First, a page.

At the time female teachers were not allowed to work while they were married, so Alberta had to give up her job. However, as the only daughter of Reverend Adam McNeil Williams, she would grow to play an important role in the affairs of the Ebenezer Baptist Church and in her family, which grew to include three children in whom she instilled deep levels of self-respect.

Alberta served as the organizer and president of the Church’s Women’s Committee from 1950 to 1962, yet that would not be her greatest contribution. Tragically, the church that held and heard the voices of her father, husband and son – who all served as pastors there – also echoed the sudden, loud, sickening sound of the gunshot that took her life inside its walls six years after her son was murdered for speaking not only his mind, but for the minds of so many others.

*

Recently, in an online program, a participant shared, “I know I need to overcome the overwhelmed feeling, otherwise I’ll just keep my game small, rather than making a big impact.”

Over the years, I’ve heard so many people share some version of this with me.

When they say it, there is often a backdrop of shame and embarrassment.

And I’ve seen too many speakers exhort their audiences with the same messages. I’ve seen so many coaches challenge their clients to “think bigger” as if bigger were always better.

In Edmonton, where I grew up, I remember frequenting Willard’s Magic Shop. Willard was a scary old man who looked like a wizard and his shop felt like a genuine wizard’s store. I was 12 years old, just getting into magic, and the dark shop was tantalizing – piled with boxes full of secrets that I desperately wanted to know. Yet when I was older I heard a story of Willard trying to sell a boy in his late teens a $1500 stage illusion. Willard’s desire to sell it likely had more to do with his desire to make the sale than his wish for this teen to “go big.”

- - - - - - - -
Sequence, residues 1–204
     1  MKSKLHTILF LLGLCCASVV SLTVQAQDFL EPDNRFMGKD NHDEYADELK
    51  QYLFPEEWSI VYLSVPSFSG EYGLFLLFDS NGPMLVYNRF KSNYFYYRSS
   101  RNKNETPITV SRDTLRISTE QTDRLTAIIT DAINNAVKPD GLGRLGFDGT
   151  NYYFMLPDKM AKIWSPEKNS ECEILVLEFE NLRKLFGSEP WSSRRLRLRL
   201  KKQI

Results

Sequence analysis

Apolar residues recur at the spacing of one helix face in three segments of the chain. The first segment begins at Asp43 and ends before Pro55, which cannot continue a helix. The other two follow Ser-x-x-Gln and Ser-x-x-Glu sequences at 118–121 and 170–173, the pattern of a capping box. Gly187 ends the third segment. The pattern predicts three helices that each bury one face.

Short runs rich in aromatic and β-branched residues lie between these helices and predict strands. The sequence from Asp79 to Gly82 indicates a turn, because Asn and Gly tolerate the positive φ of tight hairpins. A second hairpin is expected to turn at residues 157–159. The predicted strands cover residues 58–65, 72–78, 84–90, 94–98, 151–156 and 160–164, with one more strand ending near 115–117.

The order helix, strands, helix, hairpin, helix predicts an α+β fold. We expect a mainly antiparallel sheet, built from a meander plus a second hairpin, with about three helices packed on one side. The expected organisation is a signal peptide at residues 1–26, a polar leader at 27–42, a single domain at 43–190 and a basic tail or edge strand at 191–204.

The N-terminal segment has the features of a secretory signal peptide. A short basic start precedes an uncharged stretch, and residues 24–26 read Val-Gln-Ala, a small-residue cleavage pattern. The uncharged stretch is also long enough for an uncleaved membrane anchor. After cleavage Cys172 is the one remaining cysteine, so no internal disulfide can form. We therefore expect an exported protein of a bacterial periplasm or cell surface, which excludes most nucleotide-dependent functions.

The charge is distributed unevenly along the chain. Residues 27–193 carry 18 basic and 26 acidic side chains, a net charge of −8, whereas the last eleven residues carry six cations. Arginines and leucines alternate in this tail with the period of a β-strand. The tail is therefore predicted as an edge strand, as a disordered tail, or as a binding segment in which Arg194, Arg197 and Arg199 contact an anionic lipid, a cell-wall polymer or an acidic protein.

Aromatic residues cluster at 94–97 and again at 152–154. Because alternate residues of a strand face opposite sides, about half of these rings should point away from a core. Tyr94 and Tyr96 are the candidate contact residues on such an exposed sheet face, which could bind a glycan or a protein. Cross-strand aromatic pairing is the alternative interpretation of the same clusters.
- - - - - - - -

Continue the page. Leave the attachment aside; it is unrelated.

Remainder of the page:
I find myself wondering how much the encouragement to go big is tied to the pocketbook of the coaches who happen to also be offering “Going Big” coaching packages. Or to their egos for getting to be the one who empowered this person to make “The Big Thing” happen. Or just to their hopes. And I’ve been that coach many times. Seeing something that seemed possible and exciting to me and not being able to let it go, even though the client was clearly uninterested or not ready for it for whatever reason. And then being frustrated at the client for being so perfectly and utterly themselves.

I’ve been at networking dinners where, after introducing myself and asking others what they’re up to, I am told some version of, “My mission is to impact 100,000 people to live better lives.” The number always seems to be very large and the emotional impact of it would feel hollow. As if they were just saying words they’d memorized from a workshop exercise and built a vision board around in an effort to convince themselves this what they really wanted. It never sounded or felt like what they really wanted. Something was “not quite right” about it.

The invisible algebra of much of the business scene (even conscious business scene) seems to be this: in order to have a big impact, you must reach a lot of people and make a lot of money. Without this, there will be no impact. And the more money you make, the bigger an impact you can have.

And, woven deeply into the fabric of this story is the thread that “jobs are for chumps.” I’ve seen speakers make fun of anyone who’d trade time for dollars. Like they’re idiots for doing so. Because, yeah, f*ck those teachers. And firemen. And police officers. And road maintenance people. What a bunch of chumps. This is the sometimes-subtle, often-overt background of the conversation.

Also woven into this story, which we’re fed with too many of the email subject lines or sales letters we read, is this sense that if we charge more, we will be worth more. But the whole notion of “charging what you’re worth” has always been, is, and will forever be, bankrupt (along with many of the ideas on prosperity that prop up our rapidly collapsing economy that has its roots in the perverse insanity of constant growth and hatred of limits).

10888534_10155030151555195_334459728987611680_nAnd I want to directly challenge that math because F*ck. That. Noise.

This story keeps us feeling constantly inadequate.

This story makes people the victim of their own success with goals that are far too high, building a business bigger than they really wanted, and then paying the emotional and financial price for going beyond any meaningful sense of balance.

Who’s to say that those reaching hundreds of thousands will have a bigger impact than those who only ever reach 100, but do so very deeply? No one. That’s who.